The Wonder of It All

batman v superman2

Firstly, this is not an anti-Wonder Woman rant. I like Wonder Woman just fine. Nor an anti-feminist rant. “I’m With Her,” and all that. Oh, it is a rant, to be sure. A rant about bullshit marketing. Which, I know, too easy, but still…

As the picture above indicates, this is a rant about the movie Batman v Superman, which I am on record here as despising. As crass and inhuman as that film is, not surprisingly, so, too, is the marketing a cynical ploy. Which, again, a redundant and easy complaint about marketing, but fight we must.

My ire is raised because for some reason Wonder Woman is given front-and-center position on the Blu-ray and on the store rack. Remember, the movie is titled (foolishly) Batman v Superman: Dawn of Justice, not Wonder Woman and Batman and Superman: Some Kind of Insane Three-Way. Of course, that movie I would watch, at least for a while. Wonder Woman, portrayed with universally-praised panache by Gal Gadot, was only in the two-and-a-half hour slogfest for a total of seven minutes. Seven minutes! A credit to the actress that she can command such reviews from so little screen time. And a discredit to the rest of the film that a bit player can steal the show, which remember features two of the most iconic characters in the history of the world.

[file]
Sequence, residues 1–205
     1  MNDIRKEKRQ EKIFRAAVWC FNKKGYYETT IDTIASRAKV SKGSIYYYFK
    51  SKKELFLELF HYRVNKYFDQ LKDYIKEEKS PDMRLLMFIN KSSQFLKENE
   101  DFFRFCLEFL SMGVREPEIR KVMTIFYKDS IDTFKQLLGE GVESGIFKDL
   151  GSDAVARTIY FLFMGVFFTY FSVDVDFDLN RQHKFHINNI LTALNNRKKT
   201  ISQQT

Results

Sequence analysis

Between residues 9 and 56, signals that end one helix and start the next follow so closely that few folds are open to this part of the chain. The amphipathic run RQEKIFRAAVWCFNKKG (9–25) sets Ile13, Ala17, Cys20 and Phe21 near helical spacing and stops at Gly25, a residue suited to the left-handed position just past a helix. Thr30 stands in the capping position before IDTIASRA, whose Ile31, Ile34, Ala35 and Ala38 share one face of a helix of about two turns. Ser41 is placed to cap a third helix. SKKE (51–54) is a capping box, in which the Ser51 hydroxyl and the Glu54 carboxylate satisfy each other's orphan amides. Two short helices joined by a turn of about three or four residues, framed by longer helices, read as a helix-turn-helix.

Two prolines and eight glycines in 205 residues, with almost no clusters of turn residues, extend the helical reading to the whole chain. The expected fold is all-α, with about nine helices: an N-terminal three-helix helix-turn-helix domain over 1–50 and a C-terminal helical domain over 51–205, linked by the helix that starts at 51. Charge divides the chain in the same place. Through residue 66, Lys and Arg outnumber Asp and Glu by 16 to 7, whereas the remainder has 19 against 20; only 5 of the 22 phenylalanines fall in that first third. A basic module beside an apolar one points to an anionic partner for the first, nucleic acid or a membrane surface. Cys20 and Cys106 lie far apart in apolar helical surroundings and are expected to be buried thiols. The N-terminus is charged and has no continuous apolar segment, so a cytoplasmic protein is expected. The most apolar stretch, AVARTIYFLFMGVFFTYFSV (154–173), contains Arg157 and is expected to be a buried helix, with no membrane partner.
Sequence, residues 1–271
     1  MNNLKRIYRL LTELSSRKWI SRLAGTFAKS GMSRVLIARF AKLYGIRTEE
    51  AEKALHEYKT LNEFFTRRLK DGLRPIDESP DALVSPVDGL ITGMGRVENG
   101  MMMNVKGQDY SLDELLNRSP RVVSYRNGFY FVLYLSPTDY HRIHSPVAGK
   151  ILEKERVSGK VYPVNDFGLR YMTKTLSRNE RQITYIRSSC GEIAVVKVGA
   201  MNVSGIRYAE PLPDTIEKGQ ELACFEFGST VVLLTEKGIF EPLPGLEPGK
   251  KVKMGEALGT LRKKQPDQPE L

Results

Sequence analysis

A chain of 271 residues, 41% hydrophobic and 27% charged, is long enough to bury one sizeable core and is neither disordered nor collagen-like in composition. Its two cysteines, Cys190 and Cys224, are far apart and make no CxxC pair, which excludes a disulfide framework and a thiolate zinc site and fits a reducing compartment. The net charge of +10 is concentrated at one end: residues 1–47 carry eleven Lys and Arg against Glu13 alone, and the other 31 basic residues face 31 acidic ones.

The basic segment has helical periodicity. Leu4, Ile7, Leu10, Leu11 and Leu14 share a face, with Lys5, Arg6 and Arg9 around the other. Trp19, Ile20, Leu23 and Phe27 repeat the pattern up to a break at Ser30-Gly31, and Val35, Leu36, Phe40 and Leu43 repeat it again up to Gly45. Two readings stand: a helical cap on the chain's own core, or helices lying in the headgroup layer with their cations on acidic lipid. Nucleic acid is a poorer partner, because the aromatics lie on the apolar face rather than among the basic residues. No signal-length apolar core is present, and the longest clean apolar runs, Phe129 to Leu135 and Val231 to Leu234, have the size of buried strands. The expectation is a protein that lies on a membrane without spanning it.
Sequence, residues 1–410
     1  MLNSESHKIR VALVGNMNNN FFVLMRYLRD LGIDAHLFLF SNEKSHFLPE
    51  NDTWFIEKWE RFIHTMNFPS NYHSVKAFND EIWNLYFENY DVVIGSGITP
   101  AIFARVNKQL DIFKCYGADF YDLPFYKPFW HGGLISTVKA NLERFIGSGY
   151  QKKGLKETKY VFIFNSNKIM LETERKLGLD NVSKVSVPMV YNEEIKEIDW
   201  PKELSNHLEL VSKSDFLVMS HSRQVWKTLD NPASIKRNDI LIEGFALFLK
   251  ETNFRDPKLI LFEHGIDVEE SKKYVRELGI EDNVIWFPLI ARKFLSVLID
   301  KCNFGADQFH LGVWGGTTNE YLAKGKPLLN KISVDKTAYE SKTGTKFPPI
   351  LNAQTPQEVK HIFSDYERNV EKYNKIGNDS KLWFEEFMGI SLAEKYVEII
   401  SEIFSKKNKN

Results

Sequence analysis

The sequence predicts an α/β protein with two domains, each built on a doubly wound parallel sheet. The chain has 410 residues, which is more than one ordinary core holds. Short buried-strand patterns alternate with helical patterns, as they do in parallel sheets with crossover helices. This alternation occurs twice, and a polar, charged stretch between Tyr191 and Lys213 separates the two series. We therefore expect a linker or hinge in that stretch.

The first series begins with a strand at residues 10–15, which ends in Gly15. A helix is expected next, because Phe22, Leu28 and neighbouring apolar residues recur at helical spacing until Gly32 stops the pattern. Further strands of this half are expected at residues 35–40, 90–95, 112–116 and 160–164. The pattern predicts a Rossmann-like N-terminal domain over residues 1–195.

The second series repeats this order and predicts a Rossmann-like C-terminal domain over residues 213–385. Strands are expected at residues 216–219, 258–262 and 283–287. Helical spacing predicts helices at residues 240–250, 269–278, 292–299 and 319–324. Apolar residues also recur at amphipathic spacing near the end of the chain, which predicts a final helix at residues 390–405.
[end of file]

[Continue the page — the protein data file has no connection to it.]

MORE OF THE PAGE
The reason Wonder Woman was in the film, and the only reason she is heavily featured on all the packaging and posters, is that Warner Bros. is also making a Wonder Woman film. Probably several. It’s cross-promotion, don’t you know.

batman v superman

But it’s so blatant, so in-your-face, so shameless, that it just defeats its own purpose. What the campaign is saying is, “Hey, you didn’t really like this movie, but you did like this one character, so here you go, she’s in the movie, remember? Please buy this disc because there might be more of her on the DVD extras.”

Sticking your IP into everything just because you can is a filthy business.

If this is your best play, Warner Bros., why not go all the way. Warners is also making another Ben Affleck film, The Accountant. Let’s add Wonder Woman to that. Here’s the synopsis, wherein Affleck plays

“a math savant with more affinity for numbers than people. Behind the cover of a small-town CPA office, he works as a freelance accountant for some of the world’s most dangerous criminal organizations. With the Treasury Department’s Crime Enforcement Division, run by Ray King (J.K. Simmons), starting to close in, Christian takes on a legitimate client: a state-of-the-art robotics company where an accounting clerk (Anna Kendrick) has discovered a discrepancy involving millions of dollars. But as Christian uncooks the books and gets closer to the truth, it is the body count that starts to rise.”